Sad, but true: If you spend a lot of time on your computer, there’s no doubt that you’ll experience data storage problems at some point, whether it’s a mechanical failure or a failure on your part. In this increasingly digital world, data is becoming the most important thing you can create. When that data – personal, financial or otherwise – is lost, by golly you need to get it back.
These bits and bytes that make up your data should be your top priority as you begin setting up your protective strategies. Remember that applications and operating systems can be reinstalled, so they’re less important to back up, as long as you also backup their memory files.
There are individual tools that can be used to recover specific files. For instance, there are programs available specifically to restore Microsoft Outlook files. Similarly, other programs work on recovering data from burnt out hard drives bit by bit. In this age of excess, there are multifarious ways of solving almost any technical problem you’re having.
Surely some of your data is confidential, which means that you don’t want to lose it or have it unknowingly accessed by others. If confidential files containing personal information are lost or stolen, you could become a victim of identity theft. It’s important to keep secure data secure, even when trying to create backups for it.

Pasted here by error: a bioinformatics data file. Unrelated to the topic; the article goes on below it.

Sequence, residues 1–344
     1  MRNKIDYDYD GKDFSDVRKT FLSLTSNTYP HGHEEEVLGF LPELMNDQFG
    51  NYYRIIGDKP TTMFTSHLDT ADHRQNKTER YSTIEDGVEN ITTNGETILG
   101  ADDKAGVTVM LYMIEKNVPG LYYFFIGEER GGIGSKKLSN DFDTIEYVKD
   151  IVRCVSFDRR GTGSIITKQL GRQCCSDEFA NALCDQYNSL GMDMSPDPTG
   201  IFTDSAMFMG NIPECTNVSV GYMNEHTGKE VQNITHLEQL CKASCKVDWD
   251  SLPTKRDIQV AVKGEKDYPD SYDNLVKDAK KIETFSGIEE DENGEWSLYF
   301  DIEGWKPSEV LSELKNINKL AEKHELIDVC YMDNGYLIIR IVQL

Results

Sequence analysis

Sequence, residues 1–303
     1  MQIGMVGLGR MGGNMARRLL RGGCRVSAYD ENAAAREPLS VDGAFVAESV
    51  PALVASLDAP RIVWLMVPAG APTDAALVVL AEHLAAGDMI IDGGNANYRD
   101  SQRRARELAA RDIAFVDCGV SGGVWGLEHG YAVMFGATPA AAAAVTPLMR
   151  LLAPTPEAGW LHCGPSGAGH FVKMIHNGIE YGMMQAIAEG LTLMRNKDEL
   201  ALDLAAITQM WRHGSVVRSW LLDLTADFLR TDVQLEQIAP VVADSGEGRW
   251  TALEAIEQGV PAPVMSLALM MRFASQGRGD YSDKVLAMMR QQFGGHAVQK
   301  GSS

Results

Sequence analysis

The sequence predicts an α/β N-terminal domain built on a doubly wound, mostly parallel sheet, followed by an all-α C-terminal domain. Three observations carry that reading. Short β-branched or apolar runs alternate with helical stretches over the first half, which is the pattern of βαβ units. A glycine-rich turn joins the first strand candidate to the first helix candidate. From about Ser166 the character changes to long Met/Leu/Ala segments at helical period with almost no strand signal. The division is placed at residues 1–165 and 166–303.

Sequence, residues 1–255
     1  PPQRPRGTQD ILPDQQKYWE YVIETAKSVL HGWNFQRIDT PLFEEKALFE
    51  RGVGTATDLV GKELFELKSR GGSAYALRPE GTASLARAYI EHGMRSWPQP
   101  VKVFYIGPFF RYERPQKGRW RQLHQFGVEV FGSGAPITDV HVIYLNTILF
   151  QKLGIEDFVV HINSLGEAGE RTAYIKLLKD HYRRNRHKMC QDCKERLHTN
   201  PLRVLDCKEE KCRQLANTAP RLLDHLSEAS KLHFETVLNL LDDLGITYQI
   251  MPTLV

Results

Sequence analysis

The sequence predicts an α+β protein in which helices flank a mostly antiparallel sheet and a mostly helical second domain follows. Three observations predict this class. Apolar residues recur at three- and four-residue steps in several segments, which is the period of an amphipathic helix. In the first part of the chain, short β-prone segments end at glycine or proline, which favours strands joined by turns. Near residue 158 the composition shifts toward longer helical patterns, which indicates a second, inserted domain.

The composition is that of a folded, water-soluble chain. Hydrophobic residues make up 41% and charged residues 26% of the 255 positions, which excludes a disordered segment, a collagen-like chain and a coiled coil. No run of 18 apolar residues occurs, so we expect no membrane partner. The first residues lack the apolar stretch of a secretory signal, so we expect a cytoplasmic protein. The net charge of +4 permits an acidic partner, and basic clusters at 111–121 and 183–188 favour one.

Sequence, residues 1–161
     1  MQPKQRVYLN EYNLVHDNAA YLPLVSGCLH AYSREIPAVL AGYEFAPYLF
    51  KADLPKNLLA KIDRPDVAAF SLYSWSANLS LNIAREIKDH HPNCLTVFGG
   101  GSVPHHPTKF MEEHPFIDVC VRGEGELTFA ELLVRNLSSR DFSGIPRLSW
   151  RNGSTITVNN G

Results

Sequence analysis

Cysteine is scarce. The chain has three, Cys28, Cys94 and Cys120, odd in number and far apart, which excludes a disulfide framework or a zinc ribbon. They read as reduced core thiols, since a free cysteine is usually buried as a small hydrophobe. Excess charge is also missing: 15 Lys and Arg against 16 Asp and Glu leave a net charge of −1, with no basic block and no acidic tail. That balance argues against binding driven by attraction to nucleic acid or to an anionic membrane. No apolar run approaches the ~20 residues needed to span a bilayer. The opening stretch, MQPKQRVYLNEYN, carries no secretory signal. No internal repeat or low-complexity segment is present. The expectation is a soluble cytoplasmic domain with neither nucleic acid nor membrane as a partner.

10 Ways to Protect Your Data
1. Utilize Public Key Infrastructure (PKI)
PKI is a system used for managing public and private digital certificates and key pairs. Because the publishers of keys and certificates are trusted, security that is certificate-based is stronger.
2. Password Protect Documents
Many of the productivity applications allow you to put passwords on individual documents or folders. Passwords can also be set to open files and/or make changes to them.
3. Utilize Share-Level and File-Level Security
To ensure that your data is safe, set permissions on your folders and files. These permissions help you control which user accounts have the ability to access these files across the network.
If you’re not the only user on a computer, you will need to use the file-level permission instead of the share-level permission.
4. Back Up Data Regularly
The key step in protecting data from loss is backing your data up regularly. Only you can determine how often you need to do this. A backup can be done daily, weekly or even hourly.
Don’t always use the same disk for backup; that way, if you’re unable to use a particular disk to restore your data, for whatever reason, you’ll have another.
A lot of third-party backup programs are available. No matter which program you choose, always store a backup copy offsite and/or in one of the cloud services available, just in case there is a fire or some other natural disaster that could destroy your backup materials along with your original data.
5.Use the Encrypting File System (EFS)
Windows XP Pro and Windows 2000 XP support EFS. This system allows you to protect individual folders and files that are stored on NTFS-formatted partitions.